Several of my close friends have been touched by death in recent weeks. No, I’m not going to wax lyrical or sentimental about the brevity of life and all that. Rather, I want to touch on something that deeply concerns me about funerals these days, and which one of my aforementioned friends also commented on.
“We’re not here to mourn his death, but to celebrate his life.” In about the last thirty years, that has gone from being a rather daring, radical statement to being the conventional sentiment of funerals. Even Christians have an adaptation of a Jewish proverb to trot out – “Grieve not that he is gone, but rather give thanks that he ever was.”
It all sounds so pious, so positive, so awfully nice. But it is deeply and dangerously wrong. We ought to grieve and mourn at the death of everyone we love – not only because we have a psychological need to grieve, but because death is something out of place. Christians at least should know this: we know that Jesus wept at the tomb of Lazarus even though he was about to raise him from the dead, and we know that mourning and lamentation for the dead is a biblical norm, even though we do not grieve “as others who have no hope” (1 Thess. 4:13). Death was not part of God’s original good creation; it is a hideous enemy that has entered the world through Adam’s sin.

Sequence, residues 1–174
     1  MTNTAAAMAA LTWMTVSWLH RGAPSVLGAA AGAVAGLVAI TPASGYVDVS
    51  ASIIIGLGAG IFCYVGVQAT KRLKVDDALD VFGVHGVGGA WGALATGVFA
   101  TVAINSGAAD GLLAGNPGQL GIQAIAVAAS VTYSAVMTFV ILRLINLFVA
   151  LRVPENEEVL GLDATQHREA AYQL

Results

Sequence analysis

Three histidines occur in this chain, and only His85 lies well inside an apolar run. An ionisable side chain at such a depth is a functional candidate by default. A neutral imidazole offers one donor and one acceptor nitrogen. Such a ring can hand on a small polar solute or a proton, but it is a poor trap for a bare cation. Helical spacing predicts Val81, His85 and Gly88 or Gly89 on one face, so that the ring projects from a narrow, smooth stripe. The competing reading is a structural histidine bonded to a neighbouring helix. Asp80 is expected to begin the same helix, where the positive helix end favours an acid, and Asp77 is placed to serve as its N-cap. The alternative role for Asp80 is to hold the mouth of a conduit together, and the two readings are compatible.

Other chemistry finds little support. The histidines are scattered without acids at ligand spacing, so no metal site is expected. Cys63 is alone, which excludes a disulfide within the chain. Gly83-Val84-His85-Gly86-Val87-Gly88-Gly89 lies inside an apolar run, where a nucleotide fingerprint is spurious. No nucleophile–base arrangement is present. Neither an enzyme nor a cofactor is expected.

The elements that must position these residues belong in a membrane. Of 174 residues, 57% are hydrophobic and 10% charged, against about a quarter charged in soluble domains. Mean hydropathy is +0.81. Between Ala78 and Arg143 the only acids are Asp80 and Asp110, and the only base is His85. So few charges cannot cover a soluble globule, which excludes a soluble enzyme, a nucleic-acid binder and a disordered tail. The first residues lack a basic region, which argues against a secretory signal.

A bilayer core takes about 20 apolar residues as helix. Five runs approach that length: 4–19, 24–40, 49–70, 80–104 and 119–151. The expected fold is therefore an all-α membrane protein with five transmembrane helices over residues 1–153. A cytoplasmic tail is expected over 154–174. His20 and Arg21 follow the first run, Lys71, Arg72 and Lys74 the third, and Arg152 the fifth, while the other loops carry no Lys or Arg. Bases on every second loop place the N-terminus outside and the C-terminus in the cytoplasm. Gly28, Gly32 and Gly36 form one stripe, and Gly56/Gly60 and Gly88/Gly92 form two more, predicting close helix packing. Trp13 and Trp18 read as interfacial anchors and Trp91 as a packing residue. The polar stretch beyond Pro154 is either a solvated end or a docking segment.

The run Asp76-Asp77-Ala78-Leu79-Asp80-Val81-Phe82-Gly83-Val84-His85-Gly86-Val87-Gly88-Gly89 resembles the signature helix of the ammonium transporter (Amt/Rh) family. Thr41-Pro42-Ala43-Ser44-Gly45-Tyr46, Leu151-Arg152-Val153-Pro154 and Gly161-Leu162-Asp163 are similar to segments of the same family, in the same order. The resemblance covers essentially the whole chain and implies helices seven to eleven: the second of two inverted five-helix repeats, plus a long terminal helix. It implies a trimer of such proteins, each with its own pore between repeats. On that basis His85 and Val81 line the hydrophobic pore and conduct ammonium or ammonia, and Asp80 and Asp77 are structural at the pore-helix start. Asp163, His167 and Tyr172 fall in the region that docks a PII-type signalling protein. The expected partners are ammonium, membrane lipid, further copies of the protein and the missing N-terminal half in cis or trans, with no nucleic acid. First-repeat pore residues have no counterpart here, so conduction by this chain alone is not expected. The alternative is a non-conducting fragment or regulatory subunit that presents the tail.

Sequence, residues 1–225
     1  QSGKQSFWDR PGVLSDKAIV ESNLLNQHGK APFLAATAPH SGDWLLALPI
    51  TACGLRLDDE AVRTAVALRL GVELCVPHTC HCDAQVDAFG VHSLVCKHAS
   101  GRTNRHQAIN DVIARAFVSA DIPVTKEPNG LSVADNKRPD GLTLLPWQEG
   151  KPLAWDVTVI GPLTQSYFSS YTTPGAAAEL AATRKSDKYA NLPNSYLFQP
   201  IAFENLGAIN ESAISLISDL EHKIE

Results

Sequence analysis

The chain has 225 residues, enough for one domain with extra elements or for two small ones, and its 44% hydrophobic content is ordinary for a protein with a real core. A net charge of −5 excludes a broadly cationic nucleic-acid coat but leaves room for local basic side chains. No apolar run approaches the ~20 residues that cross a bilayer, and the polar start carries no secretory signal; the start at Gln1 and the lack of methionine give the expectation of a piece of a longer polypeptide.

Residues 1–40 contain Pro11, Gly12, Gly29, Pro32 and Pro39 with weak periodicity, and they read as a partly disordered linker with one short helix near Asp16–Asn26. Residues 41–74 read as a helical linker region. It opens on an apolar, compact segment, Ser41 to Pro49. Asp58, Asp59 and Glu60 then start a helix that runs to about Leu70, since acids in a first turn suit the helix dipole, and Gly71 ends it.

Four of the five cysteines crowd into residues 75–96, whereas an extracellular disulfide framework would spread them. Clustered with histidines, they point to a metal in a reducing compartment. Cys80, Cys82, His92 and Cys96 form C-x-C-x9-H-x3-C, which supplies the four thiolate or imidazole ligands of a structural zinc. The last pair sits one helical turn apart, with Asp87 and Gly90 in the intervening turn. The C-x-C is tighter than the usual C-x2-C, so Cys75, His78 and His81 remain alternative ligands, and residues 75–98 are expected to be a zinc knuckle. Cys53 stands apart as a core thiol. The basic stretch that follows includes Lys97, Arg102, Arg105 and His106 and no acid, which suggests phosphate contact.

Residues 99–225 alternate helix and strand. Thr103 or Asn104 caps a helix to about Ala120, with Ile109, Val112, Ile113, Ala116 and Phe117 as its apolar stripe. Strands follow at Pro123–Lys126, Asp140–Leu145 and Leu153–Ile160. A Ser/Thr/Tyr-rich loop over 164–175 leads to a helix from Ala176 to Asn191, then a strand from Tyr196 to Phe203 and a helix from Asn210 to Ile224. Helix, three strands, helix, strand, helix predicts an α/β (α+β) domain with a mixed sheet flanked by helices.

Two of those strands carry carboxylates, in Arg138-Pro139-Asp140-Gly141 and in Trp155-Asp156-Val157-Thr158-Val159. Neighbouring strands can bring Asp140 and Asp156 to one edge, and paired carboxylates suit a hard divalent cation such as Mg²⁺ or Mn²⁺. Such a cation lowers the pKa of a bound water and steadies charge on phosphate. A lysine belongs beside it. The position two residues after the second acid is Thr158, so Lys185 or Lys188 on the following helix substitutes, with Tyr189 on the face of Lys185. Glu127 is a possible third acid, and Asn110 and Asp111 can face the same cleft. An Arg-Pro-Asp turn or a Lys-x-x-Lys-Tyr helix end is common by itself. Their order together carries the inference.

If we refuse to grieve, we not only hurt ourselves, we deny the truth. We make life out to be a brief whirl which everyone gets a go at, then the carnival is over and that’s all, folks. Life has its advantages but it gets a bit much after a while and death is just as good.
We need to ask ourselves what we’re really saying when we embrace this mindset. Try this question: If death is not a problem, if we should just celebrate what the dear departed put into and got out of life, then what is wrong with abortion, infanticide or euthanasia? Can’t we “celebrate the life” of someone who has been legally murdered, just as we would “celebrate the life” of someone who fell over a cliff?
I think we need to remember that all of life is education, that we speak to ourselves and to others in everything we do. When we bury the dead, we need to talk about the magnificent and sacred gift of life that our Creator has given to us, and face the hideous reality of death, which throws in our faces the hideous reality of sin against a holy God. For ourselves and for the sake of the truth, we need to grieve, mourn, wail and lament. And then look forward to the better day that is coming, when death and mourning will be no more.